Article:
How to Repair a Peavey Express 112

Old vacuum tubes image by Dmitry Rukhlenko from

The Peavey Express 112 is a solid-state combo amplifier. The Express 112 has a single 12-inch speaker, two channels and two inputs. It is no longer in production. The Express 112 was part of Peavey's Transtube range of amplifiers that used the company's proprietary circuitry. Transtube circuitry was designed so that the transistors would emulate the sound of vacuum tubes. Because it uses transistors instead of tubes, this amp requires less ongoing maintenance than a tube amp.

Plug in a brand new guitar cable. A defective guitar cable can often make it sound like your amp is broken. Crackles, residual hum and buzzing are all common symptoms of a damaged amplifier that can also be caused by a faulty cable. Use a brand new cable to eliminate this. It is normal for this amp to emit low level hum between the frequencies of 20 Hz to 20 kHz.

Troubleshoot the amplifier. Turn the volume dial down to zero and power up the amplifier. If the amplifier fails to power up completely, there is a problem in the power section. A red pilot light will illuminate if the power section is working properly. The power section of the Express 112 is rated at 65 watts, so be careful when inspecting it. If it powers up but you can't get any sound, there is a problem in either the preamp section or the speaker.

fuse image by Alison Bowden from

Inspect the interior. Unscrew the back panel to expose the preamp and power amp. Slide the preamp chassis toward you and melt the wire connection with a soldering iron. Set the preamp chassis to one side. Look out for obvious signs of damage such as loose wires and blown fuses. Replace any fuses that have a brown discolouration.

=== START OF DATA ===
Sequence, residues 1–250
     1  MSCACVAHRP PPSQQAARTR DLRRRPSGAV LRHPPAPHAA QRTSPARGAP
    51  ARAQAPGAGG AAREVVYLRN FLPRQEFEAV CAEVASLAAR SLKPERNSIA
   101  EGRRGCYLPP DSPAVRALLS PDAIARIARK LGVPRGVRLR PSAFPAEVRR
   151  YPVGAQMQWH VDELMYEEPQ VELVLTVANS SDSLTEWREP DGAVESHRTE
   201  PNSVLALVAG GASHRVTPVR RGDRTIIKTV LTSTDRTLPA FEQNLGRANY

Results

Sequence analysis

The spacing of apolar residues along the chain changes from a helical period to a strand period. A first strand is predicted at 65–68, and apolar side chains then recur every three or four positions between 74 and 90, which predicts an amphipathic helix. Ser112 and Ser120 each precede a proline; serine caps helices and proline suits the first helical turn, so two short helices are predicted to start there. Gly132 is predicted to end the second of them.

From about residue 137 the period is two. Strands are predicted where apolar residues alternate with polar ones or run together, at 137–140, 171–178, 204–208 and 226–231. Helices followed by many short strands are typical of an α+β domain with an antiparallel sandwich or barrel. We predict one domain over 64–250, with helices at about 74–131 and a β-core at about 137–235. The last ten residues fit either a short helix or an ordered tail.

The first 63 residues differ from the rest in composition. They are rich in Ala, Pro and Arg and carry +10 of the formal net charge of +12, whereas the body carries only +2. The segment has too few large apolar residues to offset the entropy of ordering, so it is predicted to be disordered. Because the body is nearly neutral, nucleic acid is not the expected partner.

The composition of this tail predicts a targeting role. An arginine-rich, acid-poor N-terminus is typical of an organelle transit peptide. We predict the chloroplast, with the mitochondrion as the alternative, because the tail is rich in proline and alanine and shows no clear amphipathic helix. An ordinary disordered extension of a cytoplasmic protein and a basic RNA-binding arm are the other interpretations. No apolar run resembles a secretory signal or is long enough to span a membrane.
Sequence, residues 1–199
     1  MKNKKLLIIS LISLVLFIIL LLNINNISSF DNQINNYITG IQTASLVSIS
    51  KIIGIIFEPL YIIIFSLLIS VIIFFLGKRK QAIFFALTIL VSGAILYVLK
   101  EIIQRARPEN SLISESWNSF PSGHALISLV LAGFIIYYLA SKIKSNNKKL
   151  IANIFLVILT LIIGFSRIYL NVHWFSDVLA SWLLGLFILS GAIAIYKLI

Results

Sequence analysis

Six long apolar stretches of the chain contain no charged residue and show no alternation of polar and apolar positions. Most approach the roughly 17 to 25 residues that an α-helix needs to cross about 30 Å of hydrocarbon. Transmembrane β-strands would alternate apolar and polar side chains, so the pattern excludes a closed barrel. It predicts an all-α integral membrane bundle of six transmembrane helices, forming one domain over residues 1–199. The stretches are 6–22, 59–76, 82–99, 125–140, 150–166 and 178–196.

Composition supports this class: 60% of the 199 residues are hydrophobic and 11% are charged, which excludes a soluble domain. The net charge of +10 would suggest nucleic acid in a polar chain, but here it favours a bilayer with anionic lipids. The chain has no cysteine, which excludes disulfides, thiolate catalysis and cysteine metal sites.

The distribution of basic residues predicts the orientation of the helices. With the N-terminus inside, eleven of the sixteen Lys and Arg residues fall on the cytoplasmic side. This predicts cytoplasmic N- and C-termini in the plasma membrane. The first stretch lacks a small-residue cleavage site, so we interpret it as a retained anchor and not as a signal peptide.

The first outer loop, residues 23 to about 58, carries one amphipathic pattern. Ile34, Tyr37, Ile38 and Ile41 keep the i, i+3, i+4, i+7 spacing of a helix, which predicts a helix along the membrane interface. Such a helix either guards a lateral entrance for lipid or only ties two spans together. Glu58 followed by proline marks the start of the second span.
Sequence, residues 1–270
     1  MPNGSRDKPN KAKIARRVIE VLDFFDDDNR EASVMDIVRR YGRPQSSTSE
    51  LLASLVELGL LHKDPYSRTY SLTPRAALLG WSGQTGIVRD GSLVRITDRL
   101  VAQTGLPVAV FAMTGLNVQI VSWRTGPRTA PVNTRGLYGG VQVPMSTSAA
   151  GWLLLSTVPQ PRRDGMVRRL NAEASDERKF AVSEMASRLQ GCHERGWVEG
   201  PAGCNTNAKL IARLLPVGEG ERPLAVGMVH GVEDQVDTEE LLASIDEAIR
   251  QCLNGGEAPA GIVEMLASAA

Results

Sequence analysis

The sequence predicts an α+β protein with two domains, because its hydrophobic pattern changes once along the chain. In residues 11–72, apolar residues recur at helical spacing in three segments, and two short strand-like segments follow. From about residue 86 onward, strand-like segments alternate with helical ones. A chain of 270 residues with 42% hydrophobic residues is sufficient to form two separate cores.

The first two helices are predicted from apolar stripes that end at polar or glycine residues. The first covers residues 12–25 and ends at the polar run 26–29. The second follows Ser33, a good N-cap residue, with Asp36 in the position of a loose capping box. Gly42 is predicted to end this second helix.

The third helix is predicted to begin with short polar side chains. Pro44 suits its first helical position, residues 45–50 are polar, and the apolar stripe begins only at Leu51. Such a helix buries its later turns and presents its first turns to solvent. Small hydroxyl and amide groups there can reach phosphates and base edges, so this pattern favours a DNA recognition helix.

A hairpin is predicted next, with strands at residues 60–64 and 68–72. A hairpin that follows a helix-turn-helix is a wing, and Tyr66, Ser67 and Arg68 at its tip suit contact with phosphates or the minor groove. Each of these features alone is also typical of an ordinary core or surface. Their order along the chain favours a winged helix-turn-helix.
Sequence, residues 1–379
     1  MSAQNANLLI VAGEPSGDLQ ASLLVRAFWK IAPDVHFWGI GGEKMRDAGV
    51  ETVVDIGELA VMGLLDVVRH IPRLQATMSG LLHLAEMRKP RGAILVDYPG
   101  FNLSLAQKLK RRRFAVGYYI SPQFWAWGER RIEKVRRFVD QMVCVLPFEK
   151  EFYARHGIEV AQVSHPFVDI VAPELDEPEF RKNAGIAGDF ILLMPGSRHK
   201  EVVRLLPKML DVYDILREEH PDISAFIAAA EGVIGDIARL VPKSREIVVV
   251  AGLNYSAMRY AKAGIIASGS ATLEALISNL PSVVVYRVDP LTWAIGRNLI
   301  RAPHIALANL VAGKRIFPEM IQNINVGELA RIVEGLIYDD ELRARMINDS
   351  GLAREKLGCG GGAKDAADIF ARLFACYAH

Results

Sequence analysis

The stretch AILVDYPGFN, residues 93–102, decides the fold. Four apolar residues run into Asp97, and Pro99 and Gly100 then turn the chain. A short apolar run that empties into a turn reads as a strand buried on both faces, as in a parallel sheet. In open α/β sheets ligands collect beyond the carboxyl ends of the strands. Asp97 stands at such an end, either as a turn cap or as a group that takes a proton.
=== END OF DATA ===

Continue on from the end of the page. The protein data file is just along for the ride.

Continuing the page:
multimeter image by Aleksey Bakaleev from

Unscrew the top of the chassis to expose the circuit board. Check the circuit board with a volt meter. Place the two prongs of the volt meter between the transistor closest to the input terminal and the next closest resistor. If there is a zero reading it means that there is no current in that part of the circuit board. This is a symptom of a shorted transistor. Remove the transistor by melting the solder connection on the underside of the printed circuit board. Replace the transistor with an identical one.

Clean the potentiometers. A common source of problems in any type of amp is dust and grime accumulation behind the dials. The potentiometers form the interior part of any dial, they control the flow of current. Spray a plastic-safe contact cleaner on to the potentiometer and turn the dial fully left and right.

Inspect the speaker for rips. Shine a flashlight on the speaker from the front of the amp. This will expose any rips. A ripped speaker will create a flapping sound that normally occurs at medium to high volume. Replace your speaker if it is ripped.

Reattach the printed circuit board to the amp chassis. Screw the chassis lid shut and slide it back inside the amp. Reconnect the wires with your soldering iron.

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